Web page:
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“The data” says 3rd grade retention is academic fraud; basic humanity says it’s barbaric child abuse.

“The data” says 3rd grade retention is academic fraud; basic humanity says it’s barbaric child abuse.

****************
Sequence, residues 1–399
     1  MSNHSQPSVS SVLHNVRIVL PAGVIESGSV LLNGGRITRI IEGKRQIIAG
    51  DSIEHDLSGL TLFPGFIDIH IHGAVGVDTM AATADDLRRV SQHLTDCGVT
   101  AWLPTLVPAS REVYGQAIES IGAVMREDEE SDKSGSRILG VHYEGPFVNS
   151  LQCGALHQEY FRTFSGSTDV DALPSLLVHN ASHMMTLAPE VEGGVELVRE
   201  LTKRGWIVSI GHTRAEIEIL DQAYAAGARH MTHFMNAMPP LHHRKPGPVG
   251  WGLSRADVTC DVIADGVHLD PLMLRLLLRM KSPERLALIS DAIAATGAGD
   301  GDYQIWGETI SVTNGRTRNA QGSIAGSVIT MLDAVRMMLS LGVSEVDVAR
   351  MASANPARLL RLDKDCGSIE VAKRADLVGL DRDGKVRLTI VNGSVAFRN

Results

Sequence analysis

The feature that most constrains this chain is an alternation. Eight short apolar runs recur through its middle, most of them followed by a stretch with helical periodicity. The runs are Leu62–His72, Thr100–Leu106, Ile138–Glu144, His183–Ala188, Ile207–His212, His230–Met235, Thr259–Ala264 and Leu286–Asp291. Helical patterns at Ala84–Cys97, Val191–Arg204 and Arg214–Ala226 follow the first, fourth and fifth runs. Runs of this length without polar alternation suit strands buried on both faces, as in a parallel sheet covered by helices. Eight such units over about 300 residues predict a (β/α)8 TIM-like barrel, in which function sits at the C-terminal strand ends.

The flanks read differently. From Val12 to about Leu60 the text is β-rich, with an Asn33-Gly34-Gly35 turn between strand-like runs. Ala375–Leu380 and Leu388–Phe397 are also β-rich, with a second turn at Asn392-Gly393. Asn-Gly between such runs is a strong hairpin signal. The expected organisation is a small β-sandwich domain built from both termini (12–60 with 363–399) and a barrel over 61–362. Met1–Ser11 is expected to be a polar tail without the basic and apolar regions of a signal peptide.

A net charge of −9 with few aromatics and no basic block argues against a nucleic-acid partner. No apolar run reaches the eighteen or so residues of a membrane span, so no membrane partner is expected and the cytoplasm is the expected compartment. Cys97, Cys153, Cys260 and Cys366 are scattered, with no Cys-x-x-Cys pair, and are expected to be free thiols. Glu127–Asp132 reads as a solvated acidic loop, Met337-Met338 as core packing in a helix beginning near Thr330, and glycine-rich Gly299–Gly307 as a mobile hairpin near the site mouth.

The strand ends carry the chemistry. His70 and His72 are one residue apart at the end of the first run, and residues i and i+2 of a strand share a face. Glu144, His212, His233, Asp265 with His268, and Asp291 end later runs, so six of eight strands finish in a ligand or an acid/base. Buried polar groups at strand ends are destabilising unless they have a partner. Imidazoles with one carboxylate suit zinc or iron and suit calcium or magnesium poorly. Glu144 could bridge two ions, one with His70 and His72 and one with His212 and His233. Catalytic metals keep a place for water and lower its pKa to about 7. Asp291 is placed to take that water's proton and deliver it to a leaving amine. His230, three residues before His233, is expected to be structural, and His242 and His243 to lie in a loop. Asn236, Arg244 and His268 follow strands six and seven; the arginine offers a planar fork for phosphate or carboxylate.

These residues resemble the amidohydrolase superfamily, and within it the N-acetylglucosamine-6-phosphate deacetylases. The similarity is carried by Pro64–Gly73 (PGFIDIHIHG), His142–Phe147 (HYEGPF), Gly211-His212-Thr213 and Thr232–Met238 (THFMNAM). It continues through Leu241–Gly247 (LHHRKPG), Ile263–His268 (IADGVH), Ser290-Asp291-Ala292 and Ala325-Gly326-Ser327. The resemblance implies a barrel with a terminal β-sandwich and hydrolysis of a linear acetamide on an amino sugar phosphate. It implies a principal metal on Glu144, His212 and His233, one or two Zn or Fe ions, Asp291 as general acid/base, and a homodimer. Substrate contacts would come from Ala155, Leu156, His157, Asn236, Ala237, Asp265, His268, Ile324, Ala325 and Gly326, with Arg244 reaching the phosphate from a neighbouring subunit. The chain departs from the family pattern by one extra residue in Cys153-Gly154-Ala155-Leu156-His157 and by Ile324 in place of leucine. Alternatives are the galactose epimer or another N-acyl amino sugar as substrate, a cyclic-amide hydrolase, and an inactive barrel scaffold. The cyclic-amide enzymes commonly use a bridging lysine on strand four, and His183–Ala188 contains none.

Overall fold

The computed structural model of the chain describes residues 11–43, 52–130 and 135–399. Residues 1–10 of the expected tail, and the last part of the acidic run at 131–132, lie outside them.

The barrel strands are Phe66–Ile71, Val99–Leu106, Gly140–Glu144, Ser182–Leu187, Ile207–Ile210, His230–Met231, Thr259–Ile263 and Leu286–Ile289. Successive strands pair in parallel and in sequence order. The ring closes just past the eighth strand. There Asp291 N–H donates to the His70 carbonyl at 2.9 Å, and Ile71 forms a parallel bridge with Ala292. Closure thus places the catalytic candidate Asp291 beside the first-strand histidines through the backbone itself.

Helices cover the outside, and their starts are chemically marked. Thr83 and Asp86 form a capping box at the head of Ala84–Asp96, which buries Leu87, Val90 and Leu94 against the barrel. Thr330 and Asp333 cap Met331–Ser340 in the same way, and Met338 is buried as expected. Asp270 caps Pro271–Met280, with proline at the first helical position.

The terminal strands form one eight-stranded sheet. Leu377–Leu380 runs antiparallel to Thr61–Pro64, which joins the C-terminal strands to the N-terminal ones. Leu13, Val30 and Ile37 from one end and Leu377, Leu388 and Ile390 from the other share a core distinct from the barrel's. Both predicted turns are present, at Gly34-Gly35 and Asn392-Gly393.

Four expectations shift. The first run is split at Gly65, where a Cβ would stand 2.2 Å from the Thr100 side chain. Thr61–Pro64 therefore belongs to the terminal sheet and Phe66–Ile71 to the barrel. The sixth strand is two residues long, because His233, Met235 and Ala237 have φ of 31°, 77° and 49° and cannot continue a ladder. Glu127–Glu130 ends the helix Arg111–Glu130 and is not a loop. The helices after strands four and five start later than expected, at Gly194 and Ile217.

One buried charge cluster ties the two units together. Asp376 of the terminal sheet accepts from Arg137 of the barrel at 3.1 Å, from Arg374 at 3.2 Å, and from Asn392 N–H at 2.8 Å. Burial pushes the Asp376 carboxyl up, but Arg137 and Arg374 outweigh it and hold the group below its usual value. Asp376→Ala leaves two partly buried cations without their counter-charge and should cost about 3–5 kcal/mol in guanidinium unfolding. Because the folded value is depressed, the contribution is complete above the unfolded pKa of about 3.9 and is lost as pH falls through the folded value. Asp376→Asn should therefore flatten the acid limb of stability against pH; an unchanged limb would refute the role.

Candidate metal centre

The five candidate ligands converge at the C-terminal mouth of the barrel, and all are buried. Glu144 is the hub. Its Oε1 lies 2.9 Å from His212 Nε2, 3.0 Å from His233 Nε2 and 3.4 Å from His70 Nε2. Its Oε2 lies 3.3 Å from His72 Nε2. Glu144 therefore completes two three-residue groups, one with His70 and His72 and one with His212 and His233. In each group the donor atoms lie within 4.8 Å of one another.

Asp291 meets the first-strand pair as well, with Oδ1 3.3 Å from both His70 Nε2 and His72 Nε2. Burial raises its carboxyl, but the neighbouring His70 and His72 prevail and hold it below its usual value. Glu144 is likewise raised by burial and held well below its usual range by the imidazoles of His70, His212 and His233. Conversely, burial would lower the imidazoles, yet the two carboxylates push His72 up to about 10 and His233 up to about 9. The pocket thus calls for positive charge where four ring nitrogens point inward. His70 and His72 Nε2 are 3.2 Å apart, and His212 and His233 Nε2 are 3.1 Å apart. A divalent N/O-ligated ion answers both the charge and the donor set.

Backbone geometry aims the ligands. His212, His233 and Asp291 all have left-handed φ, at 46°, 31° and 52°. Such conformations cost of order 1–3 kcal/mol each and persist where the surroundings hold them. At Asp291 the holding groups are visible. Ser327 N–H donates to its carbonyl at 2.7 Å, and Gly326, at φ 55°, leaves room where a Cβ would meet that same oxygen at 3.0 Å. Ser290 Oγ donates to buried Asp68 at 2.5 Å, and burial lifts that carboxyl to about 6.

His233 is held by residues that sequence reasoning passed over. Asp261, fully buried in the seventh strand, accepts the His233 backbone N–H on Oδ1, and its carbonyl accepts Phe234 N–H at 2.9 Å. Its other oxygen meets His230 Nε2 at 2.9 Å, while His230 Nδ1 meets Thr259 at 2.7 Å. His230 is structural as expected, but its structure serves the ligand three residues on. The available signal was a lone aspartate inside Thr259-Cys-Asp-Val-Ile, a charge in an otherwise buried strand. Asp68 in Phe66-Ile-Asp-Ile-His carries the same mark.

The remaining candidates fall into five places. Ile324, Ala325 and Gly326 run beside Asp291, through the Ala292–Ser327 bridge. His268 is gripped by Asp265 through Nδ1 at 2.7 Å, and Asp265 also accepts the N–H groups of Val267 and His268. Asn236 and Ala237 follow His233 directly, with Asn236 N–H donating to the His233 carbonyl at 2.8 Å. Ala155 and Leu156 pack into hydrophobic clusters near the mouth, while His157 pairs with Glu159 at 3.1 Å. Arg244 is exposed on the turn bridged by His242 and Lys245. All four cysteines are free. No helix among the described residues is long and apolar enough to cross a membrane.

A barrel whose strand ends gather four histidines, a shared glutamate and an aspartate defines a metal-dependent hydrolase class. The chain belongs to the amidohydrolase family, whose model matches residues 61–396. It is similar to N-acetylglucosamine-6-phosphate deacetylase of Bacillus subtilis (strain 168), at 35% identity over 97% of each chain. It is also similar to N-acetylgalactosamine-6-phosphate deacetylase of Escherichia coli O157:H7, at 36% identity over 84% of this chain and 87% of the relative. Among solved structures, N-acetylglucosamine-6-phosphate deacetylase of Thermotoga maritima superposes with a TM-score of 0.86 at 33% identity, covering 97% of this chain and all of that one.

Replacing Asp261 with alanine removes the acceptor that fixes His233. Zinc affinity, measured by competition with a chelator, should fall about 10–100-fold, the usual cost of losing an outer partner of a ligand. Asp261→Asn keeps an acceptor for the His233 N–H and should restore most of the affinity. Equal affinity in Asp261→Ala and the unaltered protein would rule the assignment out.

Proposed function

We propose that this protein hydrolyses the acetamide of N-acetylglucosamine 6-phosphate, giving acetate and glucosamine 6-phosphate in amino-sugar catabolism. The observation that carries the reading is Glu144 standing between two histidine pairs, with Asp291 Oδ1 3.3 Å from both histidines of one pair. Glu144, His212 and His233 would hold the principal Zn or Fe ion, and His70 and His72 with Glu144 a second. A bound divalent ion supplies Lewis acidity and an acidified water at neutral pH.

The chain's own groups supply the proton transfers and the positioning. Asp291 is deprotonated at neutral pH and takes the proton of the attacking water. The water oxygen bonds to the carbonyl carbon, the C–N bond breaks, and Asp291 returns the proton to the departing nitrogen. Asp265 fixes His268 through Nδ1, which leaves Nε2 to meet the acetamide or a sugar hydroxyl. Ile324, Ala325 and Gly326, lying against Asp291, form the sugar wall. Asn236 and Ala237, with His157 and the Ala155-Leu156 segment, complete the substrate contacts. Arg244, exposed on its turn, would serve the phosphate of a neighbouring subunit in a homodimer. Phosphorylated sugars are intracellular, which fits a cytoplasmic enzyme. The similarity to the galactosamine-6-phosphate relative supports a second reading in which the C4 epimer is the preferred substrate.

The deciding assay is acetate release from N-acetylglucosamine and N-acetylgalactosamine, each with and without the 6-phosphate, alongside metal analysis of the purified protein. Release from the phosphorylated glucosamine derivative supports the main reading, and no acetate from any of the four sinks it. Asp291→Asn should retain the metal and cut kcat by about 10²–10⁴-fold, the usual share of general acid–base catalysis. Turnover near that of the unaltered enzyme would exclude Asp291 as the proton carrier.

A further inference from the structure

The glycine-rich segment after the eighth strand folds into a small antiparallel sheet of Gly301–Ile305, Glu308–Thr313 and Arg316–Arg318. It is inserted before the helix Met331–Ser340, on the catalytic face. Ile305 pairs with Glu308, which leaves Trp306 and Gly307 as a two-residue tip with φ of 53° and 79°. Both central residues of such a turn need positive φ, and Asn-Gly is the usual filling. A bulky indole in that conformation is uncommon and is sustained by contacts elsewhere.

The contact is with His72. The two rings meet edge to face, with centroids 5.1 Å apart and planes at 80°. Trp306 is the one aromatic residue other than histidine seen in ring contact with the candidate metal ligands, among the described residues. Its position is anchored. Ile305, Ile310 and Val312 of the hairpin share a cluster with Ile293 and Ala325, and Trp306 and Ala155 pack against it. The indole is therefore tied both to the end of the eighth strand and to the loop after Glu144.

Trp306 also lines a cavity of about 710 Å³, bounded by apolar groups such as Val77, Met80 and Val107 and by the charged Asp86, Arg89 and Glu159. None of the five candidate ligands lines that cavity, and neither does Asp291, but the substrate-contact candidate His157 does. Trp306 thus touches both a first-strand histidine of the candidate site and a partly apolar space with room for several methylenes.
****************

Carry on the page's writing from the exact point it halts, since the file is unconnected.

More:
Run a thought experiment with me. Imagine if Kelli Stargel and Richard Corcoran singled out 8-year-olds who score lower on standardized reading tests than their peers. Imagine they ordered local educators to line up these 8-year-olds in the streets; and then, as punishment or motivation, they ordered these educators to kick those children in the teeth with steel-toed boots. Do you think this would work? Would it improve the test taking performance of those 8-year-olds? Do  you think this would make for effective academic policy? Now imagine Stargel and Corcoran were told, repeatedly, by multiple studies, that kicking children in the teeth with steel-toed boots is, in fact, harmful to those children. And yet, they persisted. Imagine they spent $587 million-plus of your tax money on the steel-toed boots. Would you think that violence against children was tax money and effort and humanity well spent? How would you react as a citizen? It’s actually worse than that This analogy sounds ridiculous, of course. Even Stargel and Corcoran and Florida would never do something this academically fraudulent and morally barbaric. No, in truth they do something worse: Florida’s barbaric and fraudulent 3rd grade retention law. And not only Stargel and Corcoran. Every single legislator who voted for it and every state educrat who has collected a paycheck since 2003 is complicit in human horror. I’ve always despised this law for its obvious human harm. All data says, unambiguously, that forcibly removing children from their age cohort for academic reasons (as opposed to kindergarten age reasons) puts their graduation and life outcomes in jeopardy. It is psychic violence, wreaking lasting harm on the human development of children. You can check out this essay from education writer Peter Green for a generalized rundown of the 3rd grade retention literature. But what really stuck me about Green’s essay is a 2016 Florida study that goes a step further. It shows the retention law, quite simply, does the opposite of even its stated academic intent. In addition to the human harm, third grade retention because of reading scores actually makes retained children worse test performers over time than they would otherwise be. Comparable children not retained scored higher. “7 years after retention, 94% of the retained group remained below proficiency” Here’s a summary of the finding of that study. Please read it. Notice all the previous studies, too. In 2003-2004 approximately 23,000 third graders were retained in Florida...